Wayne Miller’s parents, Hallie & Vivian Miller of Houlton pull the starting line release mechanism to get the 1996 races in Houlton underway as depicted in this Bangor Daily News June 17, 1996 article. (BDN photo by Wayne Brown)

Andrew Mooers mentioned, “One of the things that causes local derbies throughout Maine to disappear is the non-permanent nature of the race venue. Races often were held on city streets as was Houlton’s. This requires many volunteer hours to maintain which leads to volunteer burnout. We can set up Derby Hill in a little over 1/2 hour.”

The organizers in Houlton recognized that in order to make their event more user-friendly, they would need to build a permanent hill with its attendant amenities that allow volunteers, parents, spectators, and drivers to have a great race without shutting down public roads. With the help of Northern Maine Fire Fighters and the Houlton Pioneer Times, and countless others, the funding for the building of Derby Hill was secured.

For five straight years, 1997 through 2001, the race in Houlton was the largest event in the nation. Houlton serves this year as the only venue for Derby races in Maine.

An older view of the track from driver’s perspective from the top of the John Miller Memorial Derby Hill. The track was engineered to look and feel like the national track in Akron. It is 930 feet in length. Derby Hill now has lights, a covered starting area , grandstands, designated access route to staging area to top, and is part of Houlton Community Park. (Northern Maine Soap Box Derby photo)

Derby contestants await their turn at the staging garage at the top of Derby Hill. Andrew Mooers mentioned, “This is my favorite place at the races, the top of the hill. The kids get ready and focus on the job at hand once they get in the car and await the start.” (Northern Maine Soap Box Derby photo)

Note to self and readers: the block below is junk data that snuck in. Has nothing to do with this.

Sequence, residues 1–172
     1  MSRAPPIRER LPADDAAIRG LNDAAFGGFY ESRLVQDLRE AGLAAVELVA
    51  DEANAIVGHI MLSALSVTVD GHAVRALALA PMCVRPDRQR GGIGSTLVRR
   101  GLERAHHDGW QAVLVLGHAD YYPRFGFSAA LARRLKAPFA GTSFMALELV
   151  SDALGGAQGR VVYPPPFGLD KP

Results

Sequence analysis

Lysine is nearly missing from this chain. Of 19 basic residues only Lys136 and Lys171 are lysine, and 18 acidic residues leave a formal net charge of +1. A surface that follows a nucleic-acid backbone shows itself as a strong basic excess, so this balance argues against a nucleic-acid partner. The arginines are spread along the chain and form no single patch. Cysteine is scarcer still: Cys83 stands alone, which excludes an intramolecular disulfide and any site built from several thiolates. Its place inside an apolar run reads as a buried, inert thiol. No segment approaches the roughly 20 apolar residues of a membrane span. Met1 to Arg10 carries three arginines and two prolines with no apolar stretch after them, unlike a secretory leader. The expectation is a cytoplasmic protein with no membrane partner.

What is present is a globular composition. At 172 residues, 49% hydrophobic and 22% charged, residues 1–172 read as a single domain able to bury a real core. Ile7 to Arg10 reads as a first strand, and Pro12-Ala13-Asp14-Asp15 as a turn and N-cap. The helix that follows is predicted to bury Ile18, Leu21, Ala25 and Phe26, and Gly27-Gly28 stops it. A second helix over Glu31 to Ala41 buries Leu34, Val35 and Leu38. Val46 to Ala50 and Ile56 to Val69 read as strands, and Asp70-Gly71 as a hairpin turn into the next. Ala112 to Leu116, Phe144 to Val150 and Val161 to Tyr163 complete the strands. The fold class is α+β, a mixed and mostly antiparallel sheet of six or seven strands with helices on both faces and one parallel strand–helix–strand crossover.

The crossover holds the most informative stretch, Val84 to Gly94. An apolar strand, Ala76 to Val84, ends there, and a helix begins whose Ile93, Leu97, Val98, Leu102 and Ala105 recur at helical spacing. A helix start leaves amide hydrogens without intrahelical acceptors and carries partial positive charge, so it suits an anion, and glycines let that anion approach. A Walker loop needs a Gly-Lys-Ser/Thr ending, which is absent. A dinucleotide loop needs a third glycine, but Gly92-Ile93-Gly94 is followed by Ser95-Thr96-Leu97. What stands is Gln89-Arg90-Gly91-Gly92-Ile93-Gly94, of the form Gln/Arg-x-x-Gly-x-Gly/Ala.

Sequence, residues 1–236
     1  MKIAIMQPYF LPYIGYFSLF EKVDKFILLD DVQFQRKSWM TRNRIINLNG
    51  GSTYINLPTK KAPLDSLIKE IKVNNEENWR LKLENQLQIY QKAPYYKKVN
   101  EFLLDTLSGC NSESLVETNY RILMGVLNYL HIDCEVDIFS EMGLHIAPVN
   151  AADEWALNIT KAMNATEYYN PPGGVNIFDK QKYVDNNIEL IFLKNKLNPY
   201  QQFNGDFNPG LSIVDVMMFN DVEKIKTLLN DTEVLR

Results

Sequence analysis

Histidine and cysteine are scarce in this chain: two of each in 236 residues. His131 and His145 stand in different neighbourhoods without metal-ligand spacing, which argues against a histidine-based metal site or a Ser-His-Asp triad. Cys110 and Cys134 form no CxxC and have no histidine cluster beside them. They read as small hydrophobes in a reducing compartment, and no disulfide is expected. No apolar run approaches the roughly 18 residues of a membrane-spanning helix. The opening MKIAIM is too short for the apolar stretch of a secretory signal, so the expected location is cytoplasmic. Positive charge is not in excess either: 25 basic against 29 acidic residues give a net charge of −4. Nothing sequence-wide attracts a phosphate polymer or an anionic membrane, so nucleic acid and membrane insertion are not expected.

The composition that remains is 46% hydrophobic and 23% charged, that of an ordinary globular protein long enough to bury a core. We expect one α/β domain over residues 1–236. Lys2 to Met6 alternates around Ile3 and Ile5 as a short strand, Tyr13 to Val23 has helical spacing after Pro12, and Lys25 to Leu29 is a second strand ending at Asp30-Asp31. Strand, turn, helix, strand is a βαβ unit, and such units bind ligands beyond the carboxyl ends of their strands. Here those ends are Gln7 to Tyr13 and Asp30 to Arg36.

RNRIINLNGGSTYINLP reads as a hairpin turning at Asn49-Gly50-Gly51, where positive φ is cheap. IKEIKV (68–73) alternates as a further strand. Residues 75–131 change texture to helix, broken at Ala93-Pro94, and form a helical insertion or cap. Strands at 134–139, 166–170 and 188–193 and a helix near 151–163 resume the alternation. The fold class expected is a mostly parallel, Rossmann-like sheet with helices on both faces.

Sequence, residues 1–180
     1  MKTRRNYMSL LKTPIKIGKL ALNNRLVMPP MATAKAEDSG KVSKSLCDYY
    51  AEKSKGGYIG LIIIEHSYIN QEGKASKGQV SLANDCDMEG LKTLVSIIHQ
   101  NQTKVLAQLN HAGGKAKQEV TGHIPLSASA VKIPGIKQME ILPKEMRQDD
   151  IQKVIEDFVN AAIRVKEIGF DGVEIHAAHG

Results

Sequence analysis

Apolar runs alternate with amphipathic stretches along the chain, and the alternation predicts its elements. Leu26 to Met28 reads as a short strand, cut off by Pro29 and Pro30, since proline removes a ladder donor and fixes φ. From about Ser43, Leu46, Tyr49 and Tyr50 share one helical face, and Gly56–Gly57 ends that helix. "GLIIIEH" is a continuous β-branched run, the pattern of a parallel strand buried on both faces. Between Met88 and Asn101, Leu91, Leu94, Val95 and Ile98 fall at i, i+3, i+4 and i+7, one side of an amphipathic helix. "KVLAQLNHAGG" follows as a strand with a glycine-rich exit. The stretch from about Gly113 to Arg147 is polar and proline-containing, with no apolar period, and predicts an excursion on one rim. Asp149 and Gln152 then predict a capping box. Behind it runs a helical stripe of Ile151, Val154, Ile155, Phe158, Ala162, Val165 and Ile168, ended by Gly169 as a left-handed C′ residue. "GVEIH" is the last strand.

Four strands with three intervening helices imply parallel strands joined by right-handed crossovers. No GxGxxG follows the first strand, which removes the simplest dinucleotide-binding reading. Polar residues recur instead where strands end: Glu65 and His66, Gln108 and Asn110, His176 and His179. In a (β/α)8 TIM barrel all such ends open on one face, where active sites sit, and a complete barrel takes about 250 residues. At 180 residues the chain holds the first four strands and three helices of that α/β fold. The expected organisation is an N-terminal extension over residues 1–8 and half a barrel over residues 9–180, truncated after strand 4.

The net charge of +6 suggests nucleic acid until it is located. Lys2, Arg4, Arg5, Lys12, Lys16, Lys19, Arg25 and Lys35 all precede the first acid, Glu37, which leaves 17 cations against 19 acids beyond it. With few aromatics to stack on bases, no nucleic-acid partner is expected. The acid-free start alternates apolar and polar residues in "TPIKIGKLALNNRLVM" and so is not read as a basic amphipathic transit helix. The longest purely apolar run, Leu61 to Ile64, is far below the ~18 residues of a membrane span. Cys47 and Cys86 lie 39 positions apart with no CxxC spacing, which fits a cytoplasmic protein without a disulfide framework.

Derby racers who go on to race in Akron have had success at nationals. Maine’s only National Champion representing Northern Maine Soap Box Derby was Mallory Bruen from Hampden in 2016. She was recognized on stage at the conclusion of the Derby. (Soap Box Derby photo)

Mallory Bruen of Hampden was all smiles during a reception at the John A. Millar Civic Center in Houlton after coming home from Akron, Ohio. Bruen raced in Houlton for several years. (Joseph Cyr photo Houlton Pioneer Times for Bangor Daily News article)

Three classes of Derby cars

Super Stock chassis to which the team affixes a composite aerodynamic shell. The wooden pedal on right near the front activates the brake mechanism which has a pad directly below the center of the car. This pad rubs on the track to stop the car. Steering is accomplished by the blue colored steering mechanism. New kits with body cost $508 for Super Stock, $520 Stock, and Masters $850. Race officials recommend you contact them since used Derby cars are often available. (NMSBD photo)

Local Derby racers follow the rules of the national organization which specify the age and class system. The classes are:

Stock, ages 7-13, minimum weight 200 pounds

Super Stock, ages 9-18, minimum weight 240 pounds